Meet Saralee, a Doll for All Children

10, December 2016
Photo of Saralee doll in "TOYS of the '50s, '60s and '70s" exhibitThis Saralee doll is featured in the 1950s section of the TOYS exhibit, open now through January 22, 2017.

From my first walk through TOYS of the ’50s, ’60s and ’70s, a small baby doll—the only African American doll in the 1950s case—piqued my curiosity. I soon learned that without the support of some very influential people, it would never have been produced.

Little Saralee's story starts with Sara Lee Creech, a Caucasian businesswoman and social activist living in Belle Glade, Florida. After seeing two African American girls playing with white dolls, Creech became concerned because the children had no “anthropologically correct” dolls to represent them. As she said, “If you do it out of choice, it’s fine, but to have no choice, that’s wrong.” Creech may have been influenced by child psychologists Kenneth and Mamie Clark, whose studies showed that in the segregated South of the 1930s and 1940s, children of color chose dolls of lighter complexions over those of darker complexions. This indicated that by preschool age, children of color had accepted society’s prejudices regarding skin color. In 1948, Creech set out to change that.

Black-and-white photo of singer Leontyne Price holding Saralee dollOpera singer Leontyne Price holding a Saralee doll, December 11, 1951. Photo by Carl Van Vechten. Image courtesy of Library of Congress, Prints & Photographs Division.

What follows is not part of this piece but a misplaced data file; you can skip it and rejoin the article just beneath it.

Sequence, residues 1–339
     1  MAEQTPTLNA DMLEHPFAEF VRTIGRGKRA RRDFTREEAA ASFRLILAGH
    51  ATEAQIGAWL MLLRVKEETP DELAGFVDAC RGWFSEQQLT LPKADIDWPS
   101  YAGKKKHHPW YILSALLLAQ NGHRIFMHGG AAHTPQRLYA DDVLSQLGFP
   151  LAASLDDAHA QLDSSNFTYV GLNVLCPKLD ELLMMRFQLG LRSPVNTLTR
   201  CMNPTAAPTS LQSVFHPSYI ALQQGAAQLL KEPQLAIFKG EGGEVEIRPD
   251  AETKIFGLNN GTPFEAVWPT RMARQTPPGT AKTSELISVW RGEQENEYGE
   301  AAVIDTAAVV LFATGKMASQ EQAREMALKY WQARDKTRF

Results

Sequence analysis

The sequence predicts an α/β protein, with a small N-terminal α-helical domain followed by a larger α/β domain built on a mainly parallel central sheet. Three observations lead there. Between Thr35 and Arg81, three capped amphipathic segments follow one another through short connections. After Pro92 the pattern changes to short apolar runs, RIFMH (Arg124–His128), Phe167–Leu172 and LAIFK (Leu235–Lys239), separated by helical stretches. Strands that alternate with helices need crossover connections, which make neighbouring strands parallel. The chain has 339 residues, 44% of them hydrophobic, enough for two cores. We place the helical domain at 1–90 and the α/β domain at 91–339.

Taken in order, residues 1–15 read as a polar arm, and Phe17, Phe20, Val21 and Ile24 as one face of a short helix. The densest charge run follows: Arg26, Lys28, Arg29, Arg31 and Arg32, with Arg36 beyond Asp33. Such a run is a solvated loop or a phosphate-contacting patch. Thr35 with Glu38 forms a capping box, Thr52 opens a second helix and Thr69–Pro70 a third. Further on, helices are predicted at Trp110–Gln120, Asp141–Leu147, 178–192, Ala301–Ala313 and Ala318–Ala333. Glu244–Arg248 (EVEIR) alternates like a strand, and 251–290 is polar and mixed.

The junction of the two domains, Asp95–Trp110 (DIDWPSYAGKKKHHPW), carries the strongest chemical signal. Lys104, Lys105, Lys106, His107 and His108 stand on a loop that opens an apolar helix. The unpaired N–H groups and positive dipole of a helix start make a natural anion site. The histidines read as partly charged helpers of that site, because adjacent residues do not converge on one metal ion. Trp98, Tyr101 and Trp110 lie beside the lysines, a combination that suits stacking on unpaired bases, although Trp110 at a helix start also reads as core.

First she designed a doll with a cloth body and vinyl arms, legs, and head. Then she approached sculptor Sheila Burlingame to make the mold for the doll’s head. Creech took her prototypes to novelist Zora Neale Hurston, who was impressed that a white woman would take on this project. Hurston must have mentioned this meeting to her friend, Eleanor Roosevelt, because Roosevelt wrote to the Ideal Toy Company that such a doll would be a lesson in equality for young children. Other fans of little Saralee included Dr. Ralph Bunche, Mary McLeod Bethune, and even the presidents of Howard and Morehead State universities.

Yet despite all of this support, production of the doll had not yet begun by 1951. Then chairman of the United Nations Commission on Human Rights, Roosevelt again wrote to the Ideal Toy Company. This time she subtly asked, “Would it be of any help if I hosted a tea to announce the doll?” Not surprisingly, the toy manufacturer accepted Roosevelt’s invitation, and the resulting tea party was covered by such prominent magazines as TIME, Newsweek, LIFE, and Ebony.

Scan of Jet magazine article about Eleanor Roosevelt and Saralee dollDr. Ralph Bunche and Eleanor Roosevelt observe the Saralee doll in this clipping from the November 8, 1951, issue of JET magazine. Image courtesy of Vieilles Annonces, via Flickr.

The Saralee doll was on the market from 1951 to 1953, but it never became a commercial success. Sears carried it, but Macy’s and Saks Fifth Avenue refused to “for fear that it would attract too many black customers.” Design flaws may also have contributed to the disappointing sales. Over time, the vinyl became stiff and hard, and the dye faded and bled into the doll’s clothing. These flaws halted production of future models, which were to be of lighter and darker complexions. 

Not one to let a setback hold her down, Saralee creator Creech continued to work for human rights. She developed day-care centers for migrant farm workers in the 1950s and 1960s, and she testified before a White House conference on day care in 1965. She possessed the ability to address a need and organize a coalition of prominent people to help her ideas take root. In one special case, this collective effort produced a little doll that became the best friend of many children. As Creech said, she didn’t set out to make “an African American doll, but an American doll that happens to be black, a doll for all children.” Creech died in 2008 at age 91.

—Sandy Schneider, Docent Educator

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